Mindfulness-Based Cognitive Therapy in Advanced Prostate Cancer: A Randomized Controlled Trial

Chambers, Suzanne K. and Occhipinti, Stefano and Foley, Elizabeth and Clutton, Samantha and Legg, Melissa and Berry, Martin and Stockler, Martin R. and Frydenberg, Mark and Gardiner, Robert A. and Lepore, Stephen J. and Davis, Ian D. and Smith, David P. (2017) Mindfulness-Based Cognitive Therapy in Advanced Prostate Cancer: A Randomized Controlled Trial. Journal of Clinical Oncology, 35 (3). pp. 291-297. ISSN 0732-183X


Abstract

Purpose
Advanced prostate cancer (PC) is associated with substantial psychosocial morbidity. We sought to determine whether mindfulness-based cognitive therapy (MBCT) reduces distress in men with advanced PC.

Methods
Men with advanced PC (proven metastatic and/or castration-resistant biochemical progression) were randomly assigned to an 8-week, group-based MBCT intervention delivered by telephone (n = 94) or to minimally enhanced usual care (n = 95). Primary intervention outcomes were psychological distress, cancer-specific distress, and prostate-specific antigen anxiety. Mindfulness skills were assessed as potential mediators of effect. Participants were assessed at baseline and were followed up at 3, 6, and 9 months. Main statistical analyses were conducted on the basis of intention to treat.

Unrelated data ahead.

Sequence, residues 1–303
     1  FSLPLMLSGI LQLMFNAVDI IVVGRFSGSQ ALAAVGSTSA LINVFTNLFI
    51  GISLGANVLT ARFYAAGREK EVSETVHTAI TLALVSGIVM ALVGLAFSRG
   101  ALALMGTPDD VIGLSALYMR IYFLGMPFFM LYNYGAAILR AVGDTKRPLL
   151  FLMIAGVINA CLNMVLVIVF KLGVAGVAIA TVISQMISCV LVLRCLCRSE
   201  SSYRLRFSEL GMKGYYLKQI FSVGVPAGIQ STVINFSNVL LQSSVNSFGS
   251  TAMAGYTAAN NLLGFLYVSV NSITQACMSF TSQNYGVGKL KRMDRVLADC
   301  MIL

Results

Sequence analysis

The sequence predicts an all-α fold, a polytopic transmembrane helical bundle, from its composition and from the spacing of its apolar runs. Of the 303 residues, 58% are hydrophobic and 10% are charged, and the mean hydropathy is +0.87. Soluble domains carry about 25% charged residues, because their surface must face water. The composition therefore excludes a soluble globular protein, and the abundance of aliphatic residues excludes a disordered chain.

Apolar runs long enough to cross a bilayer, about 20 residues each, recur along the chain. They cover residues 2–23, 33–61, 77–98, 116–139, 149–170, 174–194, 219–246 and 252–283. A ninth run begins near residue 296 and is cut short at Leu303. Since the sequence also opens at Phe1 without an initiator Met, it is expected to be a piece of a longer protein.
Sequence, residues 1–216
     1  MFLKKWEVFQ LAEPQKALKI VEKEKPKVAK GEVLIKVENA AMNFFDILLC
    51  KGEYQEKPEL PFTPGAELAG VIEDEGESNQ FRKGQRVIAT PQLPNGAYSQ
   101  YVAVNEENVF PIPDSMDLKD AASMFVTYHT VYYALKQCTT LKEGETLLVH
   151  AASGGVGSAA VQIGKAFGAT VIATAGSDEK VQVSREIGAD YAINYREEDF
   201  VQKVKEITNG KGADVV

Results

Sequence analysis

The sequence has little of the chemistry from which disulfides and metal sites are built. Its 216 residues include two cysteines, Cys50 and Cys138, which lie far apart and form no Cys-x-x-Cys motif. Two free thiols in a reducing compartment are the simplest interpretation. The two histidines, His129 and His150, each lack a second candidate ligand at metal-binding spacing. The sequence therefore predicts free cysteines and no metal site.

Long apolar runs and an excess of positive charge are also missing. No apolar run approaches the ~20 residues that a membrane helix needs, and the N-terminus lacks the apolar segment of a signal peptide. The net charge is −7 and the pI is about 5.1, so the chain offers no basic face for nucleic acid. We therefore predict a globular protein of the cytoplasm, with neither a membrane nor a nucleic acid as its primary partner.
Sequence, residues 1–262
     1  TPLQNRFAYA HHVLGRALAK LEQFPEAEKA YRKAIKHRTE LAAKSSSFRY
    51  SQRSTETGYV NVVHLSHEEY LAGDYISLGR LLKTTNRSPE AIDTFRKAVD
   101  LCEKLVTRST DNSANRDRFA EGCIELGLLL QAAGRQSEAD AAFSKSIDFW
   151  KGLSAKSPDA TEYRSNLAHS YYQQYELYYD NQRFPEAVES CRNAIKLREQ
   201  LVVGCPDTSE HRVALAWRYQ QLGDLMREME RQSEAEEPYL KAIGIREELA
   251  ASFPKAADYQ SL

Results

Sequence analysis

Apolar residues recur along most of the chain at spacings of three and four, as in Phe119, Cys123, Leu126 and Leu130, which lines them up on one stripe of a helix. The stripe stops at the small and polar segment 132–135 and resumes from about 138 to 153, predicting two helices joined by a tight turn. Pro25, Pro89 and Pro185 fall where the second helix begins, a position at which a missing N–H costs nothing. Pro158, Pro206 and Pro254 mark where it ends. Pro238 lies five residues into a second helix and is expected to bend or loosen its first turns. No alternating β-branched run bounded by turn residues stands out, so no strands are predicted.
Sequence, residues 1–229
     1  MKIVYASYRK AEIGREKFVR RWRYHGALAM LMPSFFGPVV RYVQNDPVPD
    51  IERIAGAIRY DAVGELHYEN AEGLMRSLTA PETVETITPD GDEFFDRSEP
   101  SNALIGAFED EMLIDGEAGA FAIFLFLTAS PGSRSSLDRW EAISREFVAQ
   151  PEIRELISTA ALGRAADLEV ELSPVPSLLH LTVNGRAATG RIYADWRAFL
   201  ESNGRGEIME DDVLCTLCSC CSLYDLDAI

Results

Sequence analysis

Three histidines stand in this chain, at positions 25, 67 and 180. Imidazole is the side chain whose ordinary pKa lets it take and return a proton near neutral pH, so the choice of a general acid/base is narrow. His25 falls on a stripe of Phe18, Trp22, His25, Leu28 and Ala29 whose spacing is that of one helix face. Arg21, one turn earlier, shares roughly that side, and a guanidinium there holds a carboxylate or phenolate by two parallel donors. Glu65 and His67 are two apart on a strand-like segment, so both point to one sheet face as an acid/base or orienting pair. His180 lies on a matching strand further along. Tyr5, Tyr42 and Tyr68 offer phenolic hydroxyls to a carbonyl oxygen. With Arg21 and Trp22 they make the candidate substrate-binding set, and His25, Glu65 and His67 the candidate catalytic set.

Results
Fourteen MBCT groups were conducted in the intervention arm. Facilitator adherence ratings were high (> 93%). Using random-effects mixed-regression models, intention-to-treat analyses indicated no significant changes in intervention outcomes or in engagement with mindfulness for men in MBCT compared with those receiving minimally enhanced usual care. Per-protocol analyses also found no differences between arms in outcomes or engagement, with the exception of the mindfulness skill of observing, which increased over time for men in MBCT compared with usual care (P = .032).

Conclusion
MBCT in this format was not more effective than minimally enhanced usual care in reducing distress in men with advanced PC. Future intervention research for these men should consider approaches that map more closely to masculinity.


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Item Type: Article (Commonwealth Reporting Category C)
Refereed: Yes
Item Status: Live Archive
Faculty/School / Institute/Centre: Current - Institute for Resilient Regions
Faculty/School / Institute/Centre: Current - Institute for Resilient Regions
Date Deposited: 05 Jul 2022 09:19
Last Modified: 12 Jul 2022 01:17
Uncontrolled Keywords: stress reduction, men, intervention, survivors, metaanalysis, feasibility, depression, efficacy, anxiety, health
Fields of Research (2008): 11 Medical and Health Sciences > 1112 Oncology and Carcinogenesis > 111299 Oncology and Carcinogenesis not elsewhere classified
Fields of Research (2020): 32 BIOMEDICAL AND CLINICAL SCIENCES > 3211 Oncology and carcinogenesis > 321199 Oncology and carcinogenesis not elsewhere classified
Identification Number or DOI: https://doi.org/10.1200/JCO.2016.68.8788
URI: http://eprints.usq.edu.au/id/eprint/49403

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